8 Ways to Simplify Your Life for Better Peace of Mind

8 Ways to Simplify Your Life for Better Peace of Mind

Heads up, Empowered Shoppers, we’re a participant in affiliate marketing programs. For more information, see our disclosure here.

There’s been lots of talk lately about editing things out of your life. This could not have come at a more interesting time. For the last three months, I have been in a “simplifying” mode.

Personally, I prefer to think of it as simplifying my life over editing. Editing seems to have a negative and harsh connotation to me. I picture a cutthroat business woman tearing apart a project that I loved while I cry in the background. It makes me feel that I’m cutting things out of my life and losing something I love.

For me, simplifying signifies that I’m making my life easier and simpler, which leads to better peace of mind. I’m not losing out on anything, I’m just making things less cluttered and easier for myself. When I think about simplifying my life, I think about all the things I’m about to gain: being more organized, saving time on cleaning, less cluttered homes, saving money, and a better state of mind.

To simplify, let go of excess, physical or otherwise. This stuff only weighs on your mind and psyche! A good organization and simplifying process will teach you more about yourself than you realize. Dig in and start with small steps. I’ve share a few steps below that may help you on your journey to simplify your life.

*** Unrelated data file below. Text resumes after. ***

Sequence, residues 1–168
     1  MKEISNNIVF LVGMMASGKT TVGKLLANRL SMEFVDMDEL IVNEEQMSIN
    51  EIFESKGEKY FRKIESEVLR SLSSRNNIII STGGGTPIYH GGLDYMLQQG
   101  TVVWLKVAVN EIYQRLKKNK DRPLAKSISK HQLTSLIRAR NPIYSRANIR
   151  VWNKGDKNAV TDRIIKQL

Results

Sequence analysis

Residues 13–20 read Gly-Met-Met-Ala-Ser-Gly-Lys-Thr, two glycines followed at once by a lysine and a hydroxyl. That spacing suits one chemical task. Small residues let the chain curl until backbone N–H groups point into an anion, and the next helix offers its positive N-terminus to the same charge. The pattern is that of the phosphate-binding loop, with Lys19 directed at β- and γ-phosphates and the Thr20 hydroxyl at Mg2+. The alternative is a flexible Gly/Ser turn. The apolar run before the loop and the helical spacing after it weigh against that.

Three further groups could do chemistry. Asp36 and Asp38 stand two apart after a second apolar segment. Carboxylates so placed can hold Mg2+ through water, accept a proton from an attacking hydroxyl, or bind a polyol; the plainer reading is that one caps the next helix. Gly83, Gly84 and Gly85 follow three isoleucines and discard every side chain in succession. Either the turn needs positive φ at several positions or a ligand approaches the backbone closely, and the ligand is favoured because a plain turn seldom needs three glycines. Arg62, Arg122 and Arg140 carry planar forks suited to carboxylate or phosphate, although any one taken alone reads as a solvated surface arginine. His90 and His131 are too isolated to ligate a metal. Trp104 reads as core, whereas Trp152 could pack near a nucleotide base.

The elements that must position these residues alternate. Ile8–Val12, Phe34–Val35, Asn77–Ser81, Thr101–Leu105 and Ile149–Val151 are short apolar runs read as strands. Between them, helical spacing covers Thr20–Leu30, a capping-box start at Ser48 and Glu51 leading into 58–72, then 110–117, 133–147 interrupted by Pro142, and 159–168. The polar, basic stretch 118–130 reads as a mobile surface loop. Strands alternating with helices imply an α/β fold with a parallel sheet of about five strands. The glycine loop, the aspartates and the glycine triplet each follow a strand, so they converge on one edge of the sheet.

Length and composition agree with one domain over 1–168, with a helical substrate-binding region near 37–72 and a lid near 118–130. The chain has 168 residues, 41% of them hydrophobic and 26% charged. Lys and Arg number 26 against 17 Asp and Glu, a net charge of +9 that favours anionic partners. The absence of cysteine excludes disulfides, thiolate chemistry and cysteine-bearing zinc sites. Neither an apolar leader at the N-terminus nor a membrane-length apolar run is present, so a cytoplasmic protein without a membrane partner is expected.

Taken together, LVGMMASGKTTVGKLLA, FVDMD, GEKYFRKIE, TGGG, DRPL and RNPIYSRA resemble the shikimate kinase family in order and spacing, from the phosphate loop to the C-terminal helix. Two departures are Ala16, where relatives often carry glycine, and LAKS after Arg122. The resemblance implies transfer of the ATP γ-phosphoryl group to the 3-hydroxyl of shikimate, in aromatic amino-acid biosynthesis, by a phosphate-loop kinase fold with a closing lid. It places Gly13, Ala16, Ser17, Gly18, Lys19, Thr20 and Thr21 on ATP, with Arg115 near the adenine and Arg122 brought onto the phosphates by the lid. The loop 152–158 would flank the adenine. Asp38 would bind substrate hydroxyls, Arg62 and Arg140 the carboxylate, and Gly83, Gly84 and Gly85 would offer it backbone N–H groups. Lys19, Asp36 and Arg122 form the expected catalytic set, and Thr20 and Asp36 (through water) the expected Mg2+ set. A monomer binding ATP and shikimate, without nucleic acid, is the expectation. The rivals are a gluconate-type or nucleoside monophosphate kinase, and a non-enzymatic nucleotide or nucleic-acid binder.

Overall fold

How to Simplify Your Life

1. Keep what’s important.

This is different for everyone, only you can decide what is important or not for yourself. This can take some serious soul-searching. However, a good place to start is with all of those items that you haven’t even touched in years and items that you’ve been holding on to, “just in case.”

We’ve all got stuff and still now, 7 years after I started simplifying my life, I am working through the layers of “stuff” I have. It’s still amazing to me how stuff gets in the way. It clutters up our minds and our space. A willingness to part with it, even a little at a time, moves us forward.

2. Don’t “should” yourself.

And, don’t “should” on other people. If you don’t feel a strong conviction to do something, that’s probably a sign that it needs to go. Don’t bog up your mind and home with things you “should” do. Either do those thing, or let them go.

Letting your self constantly think things like, “I should go hang out with that person, but . . .,” or “I should do this project, but . . .,” will only fill up your mind with stress, anxiety, and feelings of letting yourself and others down.

3. White space is ok.

It’s okay to have a few days that you don’t have anything scheduled. Downtime helps you unwind. Giving ourselves time and permission to do nothing is good for our mental health. You don’t have to be on “go-go-go mode” all the time. In fact, to much go-go-go will lead to poor mental health and burnout in many aspects of your life.

4. Say “no” more than you say “yes.”

I know, I know. There’s a lot of people out there who promote that you should try to say “yes” in all aspects of your life. However, I’ve found that many of us have a problem with saying “yes” too much. We agree to help out people when we don’t actually have any time to and allow our own lives to suffer.